Then, Arakkal Raja was, Junumabe II. Her predecessor, Kunhi Amsa II had died in 1777. She ruled the kingdom during, 1777-1819. In the Arakkal family, even the female ruler was called Raja. There is historical evidence of Tipu meeting her, which will be discussed later.
When Hyder Ali overthrew Krishna Raja Wodeyar II in 1759, Kunhi Amsa II declared allegiance and Hyder made him the Naval Chief. In 1752, Kunhi Amsa had captured the Sultan Muhammad Imaduddin III (1750-1757) of Maldives, transported him to Kavaratti, part of Lakshadweep under Kunhi Amsa. He died in captivity. After becoming Hyder’s Naval Chief, Kunhi Amsa captured the then Sultan of Maldives, Hasan ‘izz Ud-din (1759-1766) and presented him to Hyder, after gouging out his eyes. Hyder, apologized to the Sultan for gouging out the eyes, gave him back the Sultanate and divested Kunhi Amsa of the Navy Commander ship. The relationship was recouped after the conquest of Bednur, in 1763, to crush the Nair rebellion. Ali Raja Muhammad Ali III had sent Mapila forces to help the Mughal King Aurangazeb, during the Child’s war of 1686-1690.Sir Josiah Child was the Governor in London. Arakkal lineage was much more royal than that of Tipu. It traces its beginning to the Commander of Kolathiri, Arayankulangara Nair, embracing Islam, along with his wife, who was a princess from the Kolathiri family.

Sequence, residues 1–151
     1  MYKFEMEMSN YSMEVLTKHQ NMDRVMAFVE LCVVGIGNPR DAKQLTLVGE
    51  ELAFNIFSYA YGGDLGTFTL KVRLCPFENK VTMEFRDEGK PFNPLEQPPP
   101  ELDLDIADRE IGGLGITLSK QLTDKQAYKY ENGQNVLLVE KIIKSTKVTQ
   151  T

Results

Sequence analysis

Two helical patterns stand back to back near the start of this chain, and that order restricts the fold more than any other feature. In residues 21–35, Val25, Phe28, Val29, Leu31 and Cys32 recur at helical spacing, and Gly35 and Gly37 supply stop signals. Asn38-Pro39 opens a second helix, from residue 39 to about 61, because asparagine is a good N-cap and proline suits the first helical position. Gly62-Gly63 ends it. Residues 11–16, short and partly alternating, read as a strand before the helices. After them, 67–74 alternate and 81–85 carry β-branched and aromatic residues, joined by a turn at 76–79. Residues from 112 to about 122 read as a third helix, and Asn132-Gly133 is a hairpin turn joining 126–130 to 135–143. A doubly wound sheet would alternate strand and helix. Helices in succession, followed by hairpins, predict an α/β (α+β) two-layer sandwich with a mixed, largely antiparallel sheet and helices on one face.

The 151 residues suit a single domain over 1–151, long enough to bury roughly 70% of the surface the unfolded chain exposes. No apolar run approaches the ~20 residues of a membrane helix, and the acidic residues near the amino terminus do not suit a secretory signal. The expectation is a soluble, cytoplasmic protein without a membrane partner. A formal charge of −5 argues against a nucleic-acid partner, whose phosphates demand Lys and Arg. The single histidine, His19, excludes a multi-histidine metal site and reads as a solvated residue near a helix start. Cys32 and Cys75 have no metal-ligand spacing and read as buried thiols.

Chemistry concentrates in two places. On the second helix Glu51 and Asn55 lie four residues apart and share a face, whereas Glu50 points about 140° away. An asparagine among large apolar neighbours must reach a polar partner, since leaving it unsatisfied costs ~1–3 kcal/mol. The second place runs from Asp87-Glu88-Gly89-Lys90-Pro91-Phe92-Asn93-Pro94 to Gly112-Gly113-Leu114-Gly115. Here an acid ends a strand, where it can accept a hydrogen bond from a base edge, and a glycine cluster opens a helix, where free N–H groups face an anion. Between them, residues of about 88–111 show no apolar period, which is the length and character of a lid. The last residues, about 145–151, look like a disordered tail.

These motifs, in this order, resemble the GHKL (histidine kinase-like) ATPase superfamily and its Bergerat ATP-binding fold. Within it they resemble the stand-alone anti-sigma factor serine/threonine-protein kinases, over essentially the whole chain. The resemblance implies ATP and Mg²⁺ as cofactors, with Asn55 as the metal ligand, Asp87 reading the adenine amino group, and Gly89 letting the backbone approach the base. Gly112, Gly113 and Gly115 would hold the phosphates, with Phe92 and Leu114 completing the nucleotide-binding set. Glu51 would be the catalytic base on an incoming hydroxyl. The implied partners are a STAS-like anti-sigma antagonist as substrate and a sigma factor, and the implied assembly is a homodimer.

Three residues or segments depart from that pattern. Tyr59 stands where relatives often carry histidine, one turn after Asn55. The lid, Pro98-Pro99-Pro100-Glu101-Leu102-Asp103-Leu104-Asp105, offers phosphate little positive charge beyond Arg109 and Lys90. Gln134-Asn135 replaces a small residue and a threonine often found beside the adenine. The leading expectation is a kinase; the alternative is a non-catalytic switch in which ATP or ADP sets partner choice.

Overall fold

It is certain that the child marriage didn’t mature or bear fruits. Before dying in 1806, at the young age of 24, Khaliq saw the empire falling and he went through hell.
Tipu Sultan (1750-1799), had 16 sons in various women, and the last son died at child birth in 1797, two years before his death. His 11th son, Muhammad Nizam Ud din died the same year he was born, in, 1791. History has the other 14:Fateh Hyder Ali(1771-1815), Abdul Khaliq (1782-1806), Muhi Ud din(1783-1811), Muizz-Ud din (1783-1816), Miraj Ud din(1784-), Muin Ud din (1784-), Muhammad Yasin (1784-1849), Muhammad Subhan (1785-1845), Muhammad Shukrullah (1785-1837), Sarwar Ud din(1790-1833), Muhammad Jamal Ud din (1795-1872), Munir Ud din (1795-1837), Sir Gulam Muhammed (1795-1872), Ghulam Ahmed (1796-1824).
The women were from near and far- there were Turks, Georgians, and Persians and there were women from Arcot, Thanjavur, Hyderabad and Delhi, apart from locals. There were two sisters of the Raja of Coorg, a niece of his Dewan Purnaiya and three relatives of the Wodeyars.